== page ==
How do I get my kids old to eat veggies? - This is a question I get asked all the time and let me tell you, although there may not be a single magic answer or overnight resolution (sorry), there are three key principles
that, if implemented correctly, will help even the fussiest eater increase the variety of their diet - access, exposure and opportunity.
Access to nutritious foods, Exposure to healthy habits and the Opportunity to enjoy them!
As a mum of a 6, 4 and 2 year old, I understand that feeding kids can be tough, but it is no coincidence that my kids enjoy eating vegetables. It’s simply a result of consistent and appropriate access, exposure and opportunity to eat and enjoy nutritious foods.
Ok, it’s not like my kids jump for joy when they are given a bowl of steamed greens (actually sometimes they do) or that they would opt for some carrot sticks over a Fredo (let’s be honest, neither would I), but my children do eat and enjoy, without coercion or drama, a wide variety of fruits, vegetables, legumes and whole grains every day.
Of course, like all children, my kids have their whims and these fickle little creatures will turn their noses up at something they loved last week - but then again, something they turned their noses up at today is likely to be their favourite food next week!
Nobody said being a parent was easy and ensuring your children develop healthy eating habits is just one of many challenges - don’t give up! Even if your child has already developed a preference for less nutritious foods, it’s never too late to get them back on the right track. Don’t expect changes to happen overnight, but plan them to last a lifetime.
Create a positive family food environment
Creating a positive family food environment is absolutely essential in shaping the eating habits of children. Ultimately, this means creating a place where food is enjoyed, prepared and shared together as a social occasion, without distractions such as the TV, phones or other gadgets,
and without stress or tension – which means if a child doesn’t want to eat
something, stay calm.
Don't force feed
Forcing a child to eat something they don’t want to has several consequences; Firstly it creates a tension around meal times and
places the foods being served, namely vegetables, in a negative context which obviously is not going to result in a positive family food environment or the food being enjoyed; Secondly, forcing a child to eat something when they don’t want to, overrides their satiety cues which can cause them to over eat and can lead to weight problems. Even nutritious foods in amounts more than is needed can lead to weight gain.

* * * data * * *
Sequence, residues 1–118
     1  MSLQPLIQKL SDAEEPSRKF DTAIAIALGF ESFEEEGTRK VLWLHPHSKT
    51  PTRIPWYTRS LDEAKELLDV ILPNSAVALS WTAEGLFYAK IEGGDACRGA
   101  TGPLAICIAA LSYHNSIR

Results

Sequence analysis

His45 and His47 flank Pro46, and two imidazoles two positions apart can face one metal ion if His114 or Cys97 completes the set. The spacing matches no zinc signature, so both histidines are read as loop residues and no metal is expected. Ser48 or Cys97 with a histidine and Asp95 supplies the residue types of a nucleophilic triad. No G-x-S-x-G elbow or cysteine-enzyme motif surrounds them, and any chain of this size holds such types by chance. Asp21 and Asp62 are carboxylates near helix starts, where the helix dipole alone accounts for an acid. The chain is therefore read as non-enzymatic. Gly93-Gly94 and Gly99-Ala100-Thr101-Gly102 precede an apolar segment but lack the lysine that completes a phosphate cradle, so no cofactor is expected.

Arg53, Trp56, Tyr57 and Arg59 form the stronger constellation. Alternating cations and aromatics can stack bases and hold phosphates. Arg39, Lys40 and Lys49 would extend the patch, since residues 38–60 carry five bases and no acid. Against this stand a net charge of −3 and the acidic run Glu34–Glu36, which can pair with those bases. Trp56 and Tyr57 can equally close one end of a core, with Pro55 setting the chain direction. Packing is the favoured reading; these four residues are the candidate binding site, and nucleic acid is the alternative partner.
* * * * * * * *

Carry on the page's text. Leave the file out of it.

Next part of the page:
Allow children to regulate their own appetite
Children are very good at regulating their appetite and should be allowed to gauge their own hunger. Allow and encourage them to finish eating when they have had enough, whether their plate is empty or not. Keep in mind that a child’s stomach is far smaller than an adults and serving sizes should reflect this. Serving a large plate of food to a child can
also be very overwhelming and in itself cause resistance to eating. Serve a small plate first as they can always have seconds if they wish. This helps to reduce waste too.
Small regular meals and snacks
Given that children do have smaller stomachs, small regular meals and snacks are appropriate (every 2 – 3 hours). Aim to provide meals and snacks when a child is hungry, let them finish eating when they have had enough, but once they leave the table don’t allow them any other food until the next snack or meal time. This expectation of a child to wait until the next meal or snack needs to be appropriate to the child’s age and level of understanding.
Similarly, a fussy eater may need to have a time limit put on their meals, around 20mins is generally suitable or 5mins after everyone else has finished, after which their plate is taken away and nothing more is available until the next meal. This of course is not to say a meal should be rushed.
Water should be readily available, particularly during hotter month.
Children sometime can confuse thirst with hunger, especially when they are in the habit of drinking milk when they are hungry.
Parent role modelling
Parents are the greatest role model a child has, particularly during the younger years, and as such eating and enjoying a meal together is extremely important in teaching children to eat a nutritious diet.
Prepare one family meal
Preparing one family meal is part and parcel of parent role modelling as well as creating a positive family food environment where a meal is enjoyed together.
Preparing only one meal reinforces that there are no other food options available for that particular meal, which is a message that needs to be consistent. Parents are notorious for breaking this rule and children are savvy little creatures that learn pretty quickly if they refuse one thing they will be given something else.
Peer role modelling
Parents are obviously not the only role model in a child's life. Kids learn all sorts of things from their friends amongst other places and eating habits are no different.